On March 1, over 40 A TEAM members from around the state met with their legislators at the state capitol. It was truly a remarkable day again this year making it the 4th annual Day for CHOICE! advocacy event. Each year it keeps getting better and better. This year, the group met with the governor! He was very supportive and commended the group for their advocacy. Not to mention, he enjoyed receiving his very own My Work. My Choice. shirt!
Watch Governor Walker's speech - http://ateamwisconsin.org/video/day-for-choice-2016
View Photo's from the day - http://ateamwisconsin.org/photo/albums/day-for-choice-2016
Before I introduce myself, I want to thank you for taking the time out of your busy schedule to meet with us. I am sure that the rest of my group joins me on this.
My name is John Tschohl. I am a 66 man with Cerebral Palsy. My disability involves my walking balance, speech and hand coordination. Shortly after I received my high school diploma back in 1969, I began working at Opportunities, Inc in Fort Atkinson where members of my group and I are working at the present time. In 1971, I became editor of our consumer newsletter—a position I still hold today. I feel that I am paid a fair wage for the work I do.
In my opinion, the primary goal of any rehabilitation facility is, and should always be, to help as many individuals as possible on jobs in the community. However, a large dose of realism is required here. Not every individual with a disability, no matter what limitation it is-physical or mental, will be successful in a community job. You just cannot put all of us, no matter how convenient and easy it would be, in a large shaker, shake us up and expect us to be all alike. It simply can’t be achieved. As well as I can write articles, I require some assistance during my workday, whether it is with my computer, setting up for breaks and lunches, or help in the restroom. I, also, am a slow worker and don’t fit into the ‘’GET IT DONE...NOW ‘’ mentality.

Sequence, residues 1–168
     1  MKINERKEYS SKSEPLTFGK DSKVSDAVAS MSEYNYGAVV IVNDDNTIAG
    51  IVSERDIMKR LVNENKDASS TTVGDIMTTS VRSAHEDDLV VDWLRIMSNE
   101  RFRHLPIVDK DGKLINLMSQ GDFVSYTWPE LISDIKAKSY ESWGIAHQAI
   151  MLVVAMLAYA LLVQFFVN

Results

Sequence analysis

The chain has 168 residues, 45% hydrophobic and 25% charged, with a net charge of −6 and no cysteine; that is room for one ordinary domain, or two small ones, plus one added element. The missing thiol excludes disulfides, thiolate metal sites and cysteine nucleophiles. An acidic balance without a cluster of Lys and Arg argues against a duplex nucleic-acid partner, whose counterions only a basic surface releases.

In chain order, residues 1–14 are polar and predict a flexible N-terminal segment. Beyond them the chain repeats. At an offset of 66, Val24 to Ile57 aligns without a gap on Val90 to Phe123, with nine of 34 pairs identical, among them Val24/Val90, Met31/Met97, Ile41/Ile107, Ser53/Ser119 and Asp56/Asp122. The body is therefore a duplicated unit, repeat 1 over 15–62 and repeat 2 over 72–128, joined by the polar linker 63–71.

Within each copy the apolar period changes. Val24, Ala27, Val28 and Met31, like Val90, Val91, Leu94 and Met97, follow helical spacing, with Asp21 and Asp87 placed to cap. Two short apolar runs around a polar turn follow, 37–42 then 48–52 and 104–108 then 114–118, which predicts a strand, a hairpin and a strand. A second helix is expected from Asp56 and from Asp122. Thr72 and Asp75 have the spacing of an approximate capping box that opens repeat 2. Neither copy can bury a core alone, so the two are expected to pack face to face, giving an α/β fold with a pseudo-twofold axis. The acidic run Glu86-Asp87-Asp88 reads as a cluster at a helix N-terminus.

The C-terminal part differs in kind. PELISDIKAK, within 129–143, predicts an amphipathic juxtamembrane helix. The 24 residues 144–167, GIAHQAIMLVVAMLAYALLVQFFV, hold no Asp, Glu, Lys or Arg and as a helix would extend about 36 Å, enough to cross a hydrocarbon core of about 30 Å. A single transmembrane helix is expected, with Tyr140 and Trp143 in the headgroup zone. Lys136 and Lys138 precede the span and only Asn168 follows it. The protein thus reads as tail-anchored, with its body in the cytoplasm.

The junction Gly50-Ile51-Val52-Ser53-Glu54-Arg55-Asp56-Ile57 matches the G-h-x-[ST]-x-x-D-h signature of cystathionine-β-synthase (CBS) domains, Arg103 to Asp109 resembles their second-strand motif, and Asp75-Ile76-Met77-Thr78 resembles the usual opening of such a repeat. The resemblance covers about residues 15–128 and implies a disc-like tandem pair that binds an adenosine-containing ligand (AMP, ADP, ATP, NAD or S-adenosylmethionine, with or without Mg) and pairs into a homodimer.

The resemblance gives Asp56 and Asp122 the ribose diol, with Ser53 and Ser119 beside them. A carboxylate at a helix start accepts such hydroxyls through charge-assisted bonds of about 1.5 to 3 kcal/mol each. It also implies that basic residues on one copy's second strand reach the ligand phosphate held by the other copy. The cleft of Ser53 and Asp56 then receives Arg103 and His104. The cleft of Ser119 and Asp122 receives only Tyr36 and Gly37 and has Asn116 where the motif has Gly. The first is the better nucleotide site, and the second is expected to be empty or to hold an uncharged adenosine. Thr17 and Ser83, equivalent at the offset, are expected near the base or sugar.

While many of us can’t get community employment, it shouldn’t mean that we should stay locked in our homes watching our favorite television programs eight hours a day, or in some day care program. Please don’t get me wrong. These alternatives are wonderful and are enjoyed by many, but this lifestyle shouldn’t be forced on everyone. In our community based employment program, adults with disabilities work for around 100 production customers on a daily bases.
I am not just advocating for my friends and myself, but for the many John Tschohls coming after me who don’t have the skills needed to land community employment, but who can be productive in a community based employment setting. These people will be the real winners or losers in this battle.
Again, thanks so much for your valuable time.